books · Ecological concern · Ethical living · mental health

I love libraries

Is there an ‘I love books’ gene? When my auntie researched my grandma’s family, she discovered generations of cat-loving bibliophiles. Little Miss, my three-year-old daughter, is the latest in this long line of book-loving feline-fans. Not yet able to read, she often falls asleep with a pile of books on the floor next to her bed and our cat curled up at the other end of her bed. Very cute.

Image by Karen Arnold from Pixabay

I’m avoiding buying new books this year. Instead I am reading books I already have, buying second hand (I’ve added World of Books to my Consume Better list) and borrowing from the library. Inspired by reading suggestions on The Earthbound Report blog (which I recommend you follow as it’s so interesting and informative), I was delighted to discover that I could request to borrow both There is No Planet-B by Mike Berners-Lee and From What Is to What If by Rob Hopkins from the library service. The books are similar in adopting an anti-fatalistic approach to the climate crisis but look at solutions from different angles. Both encouraged me to keep going on my journey of living justly when it’s easy to succumb to either consumerism and individualism on one hand or anxiety and fear on the other. It’s good to have a reminder of the importance of living simply and investing in creativity, play, rest and relationships.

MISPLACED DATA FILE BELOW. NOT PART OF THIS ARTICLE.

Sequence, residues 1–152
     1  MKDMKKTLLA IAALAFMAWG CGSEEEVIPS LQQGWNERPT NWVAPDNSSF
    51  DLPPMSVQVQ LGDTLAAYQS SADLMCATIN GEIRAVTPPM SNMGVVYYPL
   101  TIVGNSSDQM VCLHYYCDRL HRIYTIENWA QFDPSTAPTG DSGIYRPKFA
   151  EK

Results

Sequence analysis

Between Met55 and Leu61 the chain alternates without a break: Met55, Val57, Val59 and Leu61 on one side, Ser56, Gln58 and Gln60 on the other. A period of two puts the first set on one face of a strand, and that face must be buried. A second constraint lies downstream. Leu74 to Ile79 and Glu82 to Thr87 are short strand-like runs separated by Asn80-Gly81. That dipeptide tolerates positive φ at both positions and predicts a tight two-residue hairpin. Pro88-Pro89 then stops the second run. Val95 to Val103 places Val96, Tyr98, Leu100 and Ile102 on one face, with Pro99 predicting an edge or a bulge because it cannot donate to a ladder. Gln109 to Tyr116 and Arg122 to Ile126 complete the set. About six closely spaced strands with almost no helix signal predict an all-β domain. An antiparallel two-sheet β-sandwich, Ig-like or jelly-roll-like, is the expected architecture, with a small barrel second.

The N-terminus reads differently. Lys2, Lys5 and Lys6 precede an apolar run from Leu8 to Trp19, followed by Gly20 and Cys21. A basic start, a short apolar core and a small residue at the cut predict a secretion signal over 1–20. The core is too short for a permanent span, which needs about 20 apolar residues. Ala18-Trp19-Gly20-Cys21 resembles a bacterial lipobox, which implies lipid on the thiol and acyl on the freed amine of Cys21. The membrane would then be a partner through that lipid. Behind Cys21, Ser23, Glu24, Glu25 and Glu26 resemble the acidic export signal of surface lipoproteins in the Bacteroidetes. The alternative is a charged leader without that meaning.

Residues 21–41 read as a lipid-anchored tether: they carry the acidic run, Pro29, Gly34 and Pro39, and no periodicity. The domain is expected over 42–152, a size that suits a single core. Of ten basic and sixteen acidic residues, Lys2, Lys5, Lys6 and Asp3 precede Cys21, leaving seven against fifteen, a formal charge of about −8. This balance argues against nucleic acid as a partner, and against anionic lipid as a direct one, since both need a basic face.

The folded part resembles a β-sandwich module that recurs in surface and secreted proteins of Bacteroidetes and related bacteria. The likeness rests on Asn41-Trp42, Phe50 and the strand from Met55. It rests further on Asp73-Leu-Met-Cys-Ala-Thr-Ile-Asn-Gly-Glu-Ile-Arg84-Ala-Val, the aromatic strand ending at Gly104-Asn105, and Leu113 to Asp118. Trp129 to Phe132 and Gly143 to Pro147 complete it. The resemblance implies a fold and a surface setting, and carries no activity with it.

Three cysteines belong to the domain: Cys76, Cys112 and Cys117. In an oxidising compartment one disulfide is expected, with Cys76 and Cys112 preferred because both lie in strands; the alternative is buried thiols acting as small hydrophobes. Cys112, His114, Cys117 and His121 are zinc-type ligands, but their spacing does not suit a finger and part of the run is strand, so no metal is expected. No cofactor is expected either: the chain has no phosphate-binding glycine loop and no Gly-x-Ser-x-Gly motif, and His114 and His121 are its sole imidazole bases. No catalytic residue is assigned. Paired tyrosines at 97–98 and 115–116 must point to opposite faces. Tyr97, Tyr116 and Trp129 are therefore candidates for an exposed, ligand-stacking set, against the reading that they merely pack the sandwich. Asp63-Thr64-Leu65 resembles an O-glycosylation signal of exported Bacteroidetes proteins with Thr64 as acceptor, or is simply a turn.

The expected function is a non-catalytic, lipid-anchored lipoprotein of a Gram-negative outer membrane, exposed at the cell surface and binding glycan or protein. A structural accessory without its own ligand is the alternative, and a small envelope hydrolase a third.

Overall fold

Disappointed that Bird Therapy, a book about bird watching and mental health, wasn’t available from the library service, I submitted a request for them to purchase it. I can’t quite believe that I (me!!!) have the power to effect change but (just a few days later!) the book is now on order for five libraries in the county and I am on the reservation list!

Our Saturday morning library trips are becoming a regular occurrence and we return with a bag full of books and often a DVD for the children too! Renting a film reminds me of standing in front of rows of videos in the local Blockbuster in the 1990s – is anyone else out there still borrowing films?!

Christian · Ethical living

Bake, write, give, play, pray

I like shopping. I like buying new things. I like having stuff. But I know I consume too much and I want to live more simply. But this is not something that comes naturally to me.


So I’ve written a list of five activities for Black Friday (by the way it’s also Buy Nothing Day!) to position myself away from the pull of purchasing and possessing.